So Paul responds to the situation by giving specific instructions that apply to holy living. All the Christians in Thessalonica are to imitate Paul in their work and lifestyle. They are to work for their food. That’s what Paul did. Even though Paul could have asked for remuneration for preaching and teaching the gospel, he did not do so. Paul goes into detail about this in 1 Corinthians 9; I encourage you to check it out. Instead, in addition to preaching and teaching, he chose to work night and day in order to provide for his own needs, as well as the needs of others.
If I were to ask, “What defines a Christian?” What would you say? Would you say, “A Christian is someone who believes in Jesus Christ?” Or would you say, “A Christian is a follower of Jesus Christ, who sacrifices her own desires for the good of others.” In some ways, we’ve separated faith and deeds in our churches. We’ve concentrated on the importance of having a right relationship with Jesus Christ to exclude from it all others, particularly our relationships with our fellow believers. People are saying, “I don’t need to go to church in order to be a Christian.”
To push that to the utter extreme, it would be like Jesus saying, “I don’t need to be born of a woman in order to save humanity from sin. I don’t need to have fellowship with humans. I don’t need to humble myself, die on a cross in order to redeem people from the Father’s wrath against sin.” We need each other far more than we think! We are being built together to be God’s dwelling where he lives by his Spirit (Eph. 2.22).
Paul clearly indicates here that fellowship and caring for others is the task of every Christian. The Rebellious idlers weren’t having a problem with fellowship. They were all over that. But they weren’t contributing to the needs of others; in fact, they were draining the resources that should have gone to others. They were mooching of the rich Christians. They were able to work, but they didn’t want to. More than that, they refused to work, when Paul had told them flat out several times.
Being selfish and self absorbed; leeching off others is incompatible with Christianity. Christians follow and model Jesus Christ. “Your attitude should be the same as that of Christ Jesus: Who, being in very nature God, did not consider equality with God something to be grasped, but made himself nothing, taking the very nature of a servant, being made in human likeness. And being found in appearance as a man, he humbled himself and became obedient to death—even death on a cross” (Phil. 2:5-7 NIV)!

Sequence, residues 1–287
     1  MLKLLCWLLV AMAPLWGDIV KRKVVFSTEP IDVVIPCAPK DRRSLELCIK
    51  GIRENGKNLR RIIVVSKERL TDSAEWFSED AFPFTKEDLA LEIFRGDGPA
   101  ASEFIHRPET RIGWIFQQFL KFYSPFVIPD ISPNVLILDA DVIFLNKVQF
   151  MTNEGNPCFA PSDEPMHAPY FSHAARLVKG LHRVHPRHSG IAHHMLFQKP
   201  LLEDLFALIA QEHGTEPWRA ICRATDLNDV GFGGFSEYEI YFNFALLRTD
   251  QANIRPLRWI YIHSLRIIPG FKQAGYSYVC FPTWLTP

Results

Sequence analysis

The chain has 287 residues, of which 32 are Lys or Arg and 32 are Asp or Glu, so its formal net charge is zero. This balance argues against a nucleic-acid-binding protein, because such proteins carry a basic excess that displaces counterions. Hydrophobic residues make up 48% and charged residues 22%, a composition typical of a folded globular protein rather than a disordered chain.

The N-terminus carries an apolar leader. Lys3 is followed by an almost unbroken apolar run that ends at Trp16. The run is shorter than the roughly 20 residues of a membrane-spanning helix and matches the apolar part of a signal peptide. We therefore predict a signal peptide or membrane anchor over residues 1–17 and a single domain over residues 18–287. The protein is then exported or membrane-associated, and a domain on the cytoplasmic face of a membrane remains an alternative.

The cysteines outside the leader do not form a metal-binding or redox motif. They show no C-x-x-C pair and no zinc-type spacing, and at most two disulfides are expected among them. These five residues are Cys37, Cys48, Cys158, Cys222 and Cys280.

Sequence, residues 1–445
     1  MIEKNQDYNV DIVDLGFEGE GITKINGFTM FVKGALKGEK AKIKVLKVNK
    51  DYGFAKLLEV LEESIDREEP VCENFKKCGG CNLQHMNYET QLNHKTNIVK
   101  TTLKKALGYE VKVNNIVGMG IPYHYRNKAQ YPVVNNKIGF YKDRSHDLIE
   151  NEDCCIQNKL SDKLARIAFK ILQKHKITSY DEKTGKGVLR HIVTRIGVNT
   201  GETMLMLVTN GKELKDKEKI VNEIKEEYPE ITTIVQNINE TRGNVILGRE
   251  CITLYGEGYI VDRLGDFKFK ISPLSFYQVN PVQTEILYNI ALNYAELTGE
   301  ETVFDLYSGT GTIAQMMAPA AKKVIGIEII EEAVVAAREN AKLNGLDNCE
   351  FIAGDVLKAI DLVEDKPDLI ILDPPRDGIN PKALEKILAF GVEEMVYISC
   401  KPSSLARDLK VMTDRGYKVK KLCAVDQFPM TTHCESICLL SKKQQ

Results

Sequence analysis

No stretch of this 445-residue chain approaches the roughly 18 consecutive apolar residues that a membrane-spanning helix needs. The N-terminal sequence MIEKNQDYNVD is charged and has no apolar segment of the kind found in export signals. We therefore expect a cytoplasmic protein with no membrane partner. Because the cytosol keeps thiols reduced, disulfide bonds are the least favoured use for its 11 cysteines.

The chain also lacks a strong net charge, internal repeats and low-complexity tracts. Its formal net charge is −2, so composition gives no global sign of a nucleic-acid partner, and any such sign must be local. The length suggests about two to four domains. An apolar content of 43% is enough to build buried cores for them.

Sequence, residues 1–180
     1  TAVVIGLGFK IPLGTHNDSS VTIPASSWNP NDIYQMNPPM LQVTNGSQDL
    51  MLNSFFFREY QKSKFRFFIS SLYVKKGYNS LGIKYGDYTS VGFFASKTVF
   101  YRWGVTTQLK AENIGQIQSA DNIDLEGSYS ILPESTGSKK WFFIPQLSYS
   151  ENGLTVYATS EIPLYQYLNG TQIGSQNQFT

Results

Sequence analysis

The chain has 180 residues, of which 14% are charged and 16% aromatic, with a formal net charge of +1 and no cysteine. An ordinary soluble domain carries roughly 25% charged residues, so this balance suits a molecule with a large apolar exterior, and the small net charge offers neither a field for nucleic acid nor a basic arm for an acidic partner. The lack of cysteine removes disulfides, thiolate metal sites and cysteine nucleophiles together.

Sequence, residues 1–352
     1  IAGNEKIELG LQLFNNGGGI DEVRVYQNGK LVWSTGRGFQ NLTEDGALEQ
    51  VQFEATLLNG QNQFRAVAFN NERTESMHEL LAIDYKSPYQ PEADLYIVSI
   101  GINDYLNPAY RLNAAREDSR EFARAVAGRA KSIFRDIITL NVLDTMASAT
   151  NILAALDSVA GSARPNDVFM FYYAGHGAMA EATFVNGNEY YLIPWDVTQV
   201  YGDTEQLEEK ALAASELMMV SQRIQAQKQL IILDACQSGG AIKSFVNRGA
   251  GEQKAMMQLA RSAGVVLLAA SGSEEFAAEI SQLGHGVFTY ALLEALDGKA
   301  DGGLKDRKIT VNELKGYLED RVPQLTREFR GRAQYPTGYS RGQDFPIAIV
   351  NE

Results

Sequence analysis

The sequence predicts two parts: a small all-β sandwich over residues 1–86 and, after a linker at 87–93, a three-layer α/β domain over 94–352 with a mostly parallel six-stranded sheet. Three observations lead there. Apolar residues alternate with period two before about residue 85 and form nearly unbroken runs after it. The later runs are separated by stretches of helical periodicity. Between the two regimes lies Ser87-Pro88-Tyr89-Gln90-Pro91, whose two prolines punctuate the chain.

Paul demonstrated the attitude of Christ. He gave up all his rights in order to make himself a model for them to follow. Paul’s one consuming thought in his life was not himself, but Jesus Christ. He did everything in his power to witness Christ.
The actions of these rebellious idlers negatively impacted the church’s fellowship and ministry. It also marred the church’s witness to the world. It is very likely that part of the motivation behind these rebellious idlers was not just laziness, but also a carryover from their former way of life, before they became Christians.
Now the commentaries are full of explanations for the rebellious attitude. Some say they were idle because they fully expected Jesus to return at any moment, so they were waiting for him to show up. Actually, this idea floated around when I was in public school, my high school friend (who wasn’t a Christian) used to tell this joke, “What did Jesus say to the Teamsters before he ascended into heaven? Don’t do anything until I get back.”
Another explanation is that these rebellious idlers were trying to bring a secular method of living and working into the church. But, as Paul makes very clear, that is impossible. That whole method of living and working was incompatible with Christianity. Sure, it seemed innocent on the outside; it was harmful because of its ties to false religion.
Likewise today, a Christian has to be very careful in making career choices. Will my career have a negative impact on my faith? Will my career enhance or nullify my opportunities for witnessing to Christ. Will my attitude at work be one of entitlement or gratitude?
Within the church, we have to ask ourselves if our work contributes to the needs of the church. Am I contributing my time, talents and treasures? If I’m not doing my part, am I creating an extra burden on others? A while ago, the deacons published a breakdown of giving in our congregation. Almost 25% of the members at that time hadn’t contributed anything. We need to ask ourselves, “Am I contributing less than I should? Am I benefitting without sacrificing anything?